In this project, I consider everyone I photograph and who returns art to me as co-authors.. We are equals. By creating for one another and the world, we are empowering and supporting one another as a whole. The idea of "trade" is something that I will likely continue to discuss throughout this adventure. Anyone who knows me knows that I think that the concept of money is often a trap. I tend to agree with Shakespeare ala Romeo and Juliet, when Romeo trades gold for poison with the apothecary, saying, "There is thy gold, worse poison to men's souls, Doing more murder in this loathsome world, than those poor compounds that thou mayst not sell. I sell thee poison. Thou hast sold me none" (Act 5, Scene 1). It's not that I denounce money completely; I mean, how can we possibly when our world basically runs off of it? Money simplifies things in some ways, I admit. What I do think we can do better is remember that money, in its inception, was symbolic. If anyone listens to This American Life, I think there's an episode on the origin of money. The paper or the pebble or the coin used to represent something much larger that couldn't be moved and traded on the spot. I advocate for truer trade. I think we can trade with one another in a more honest way, more often, and not let the stifling concept of money get in the way as often as we do, especially when it comes to trading with the people that we love.
As a teacher, there are exchanges that happen in my classroom on a daily basis. I teach something and I learn something. Every day. It's what keeps me in the classroom, even if teachers aren't paid a whole lot. It's a true trade that happens between me and the students that I work with, because it's a trade that is founded in love and our mutual recognition of one another's humanity. When students pour love into work, I pour my heart into grading it so they can be better. When students pour love into an activity, I reciprocate. I think sometimes we get stuck in money. Someone does something and we pay them off, trying our best to match the monetary amount of what they have given. But what if we were to more often respond with love? Give love, get love, continue onwards.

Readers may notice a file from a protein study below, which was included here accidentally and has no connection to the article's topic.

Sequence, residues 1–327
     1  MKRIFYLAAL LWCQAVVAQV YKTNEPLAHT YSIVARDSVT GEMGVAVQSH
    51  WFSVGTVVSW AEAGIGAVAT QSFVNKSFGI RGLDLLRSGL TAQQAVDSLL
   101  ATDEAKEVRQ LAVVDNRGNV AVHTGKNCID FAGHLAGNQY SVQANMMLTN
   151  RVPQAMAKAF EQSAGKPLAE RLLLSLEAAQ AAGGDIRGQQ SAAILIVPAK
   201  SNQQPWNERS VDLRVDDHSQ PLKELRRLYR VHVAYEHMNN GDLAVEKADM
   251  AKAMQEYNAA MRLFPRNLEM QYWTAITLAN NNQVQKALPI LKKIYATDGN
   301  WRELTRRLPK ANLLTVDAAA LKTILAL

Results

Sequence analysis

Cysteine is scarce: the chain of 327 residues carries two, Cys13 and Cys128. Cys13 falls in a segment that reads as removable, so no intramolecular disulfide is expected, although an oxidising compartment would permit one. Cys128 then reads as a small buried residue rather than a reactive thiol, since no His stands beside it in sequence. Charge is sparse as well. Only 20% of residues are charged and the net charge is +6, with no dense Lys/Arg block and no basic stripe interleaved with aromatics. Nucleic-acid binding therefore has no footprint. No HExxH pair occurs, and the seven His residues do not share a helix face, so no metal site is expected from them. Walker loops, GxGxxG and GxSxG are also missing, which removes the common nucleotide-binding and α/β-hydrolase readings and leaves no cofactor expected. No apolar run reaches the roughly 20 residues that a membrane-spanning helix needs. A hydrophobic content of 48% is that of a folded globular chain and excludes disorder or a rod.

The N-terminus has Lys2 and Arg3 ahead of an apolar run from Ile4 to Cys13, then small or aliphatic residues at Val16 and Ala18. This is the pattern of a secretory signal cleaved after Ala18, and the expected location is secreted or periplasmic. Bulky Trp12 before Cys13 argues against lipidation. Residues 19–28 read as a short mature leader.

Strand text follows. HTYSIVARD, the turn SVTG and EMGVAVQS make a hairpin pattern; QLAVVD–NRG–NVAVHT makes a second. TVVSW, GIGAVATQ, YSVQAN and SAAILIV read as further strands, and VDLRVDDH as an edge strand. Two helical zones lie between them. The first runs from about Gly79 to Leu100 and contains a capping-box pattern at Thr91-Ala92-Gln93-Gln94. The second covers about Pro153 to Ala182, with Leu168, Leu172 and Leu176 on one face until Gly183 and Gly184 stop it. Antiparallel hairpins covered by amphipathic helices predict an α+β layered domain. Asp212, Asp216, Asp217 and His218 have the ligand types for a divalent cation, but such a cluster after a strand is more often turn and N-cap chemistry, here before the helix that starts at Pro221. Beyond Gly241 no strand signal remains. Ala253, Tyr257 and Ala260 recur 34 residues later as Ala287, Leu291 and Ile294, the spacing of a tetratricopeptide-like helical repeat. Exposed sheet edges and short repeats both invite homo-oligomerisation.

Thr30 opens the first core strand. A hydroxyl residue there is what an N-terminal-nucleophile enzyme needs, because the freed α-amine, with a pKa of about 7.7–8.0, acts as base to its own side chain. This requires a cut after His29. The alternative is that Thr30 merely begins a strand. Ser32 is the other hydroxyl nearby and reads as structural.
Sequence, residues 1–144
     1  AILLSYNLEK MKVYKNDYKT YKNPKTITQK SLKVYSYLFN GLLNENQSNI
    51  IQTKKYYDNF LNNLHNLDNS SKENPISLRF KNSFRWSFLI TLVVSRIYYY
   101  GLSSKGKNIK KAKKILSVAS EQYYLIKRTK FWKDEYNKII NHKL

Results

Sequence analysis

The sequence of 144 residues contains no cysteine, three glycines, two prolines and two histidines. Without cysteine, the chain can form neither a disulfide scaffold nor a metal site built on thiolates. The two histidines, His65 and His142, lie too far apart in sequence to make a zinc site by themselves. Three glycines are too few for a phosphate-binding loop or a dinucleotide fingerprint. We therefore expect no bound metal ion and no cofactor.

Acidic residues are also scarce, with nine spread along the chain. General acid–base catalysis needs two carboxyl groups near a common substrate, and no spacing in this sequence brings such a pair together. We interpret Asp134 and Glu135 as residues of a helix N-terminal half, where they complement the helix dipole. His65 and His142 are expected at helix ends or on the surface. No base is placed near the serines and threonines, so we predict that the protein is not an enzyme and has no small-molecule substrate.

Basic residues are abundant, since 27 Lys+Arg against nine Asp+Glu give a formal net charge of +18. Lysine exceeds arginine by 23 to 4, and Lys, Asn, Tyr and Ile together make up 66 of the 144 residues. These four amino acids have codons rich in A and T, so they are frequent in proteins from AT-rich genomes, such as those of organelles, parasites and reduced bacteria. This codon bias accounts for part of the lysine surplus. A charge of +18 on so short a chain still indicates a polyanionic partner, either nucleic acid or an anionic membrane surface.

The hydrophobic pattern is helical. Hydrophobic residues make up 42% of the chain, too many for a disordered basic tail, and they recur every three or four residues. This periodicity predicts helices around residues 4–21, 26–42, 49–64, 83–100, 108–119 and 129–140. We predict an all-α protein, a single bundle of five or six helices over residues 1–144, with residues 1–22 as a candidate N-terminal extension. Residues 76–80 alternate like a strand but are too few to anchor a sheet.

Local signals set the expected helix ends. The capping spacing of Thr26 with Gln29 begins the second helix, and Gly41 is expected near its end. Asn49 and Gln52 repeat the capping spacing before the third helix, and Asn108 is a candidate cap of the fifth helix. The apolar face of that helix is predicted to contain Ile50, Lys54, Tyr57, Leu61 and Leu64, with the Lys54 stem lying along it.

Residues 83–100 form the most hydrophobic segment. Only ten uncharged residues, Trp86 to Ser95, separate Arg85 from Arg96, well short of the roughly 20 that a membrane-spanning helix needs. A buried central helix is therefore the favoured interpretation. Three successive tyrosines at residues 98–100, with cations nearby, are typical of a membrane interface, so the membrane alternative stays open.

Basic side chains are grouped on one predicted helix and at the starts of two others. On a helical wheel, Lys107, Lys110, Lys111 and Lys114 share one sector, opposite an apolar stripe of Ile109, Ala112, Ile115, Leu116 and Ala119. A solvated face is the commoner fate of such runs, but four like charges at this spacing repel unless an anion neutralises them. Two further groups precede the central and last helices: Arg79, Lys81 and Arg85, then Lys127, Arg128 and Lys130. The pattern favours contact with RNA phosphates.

Blase has sent me a beautiful video of him free-styling dance to Cigarette Daydreams, my favorite song, and the song that I would probably call "our song" when it comes to my own romantic relationship with Skyler King.
Iris shared with me a beautiful and very useful document of Filipino-authored literature that is going to be very useful to me in the coming years. You can add some Filipino-flavored literature to your reading list by checking out the list here: Click me!
As for my half of the trade, enjoy the photos of Iris and Blase below:
"The opposite of war isn't peace. It's creation." ~Rent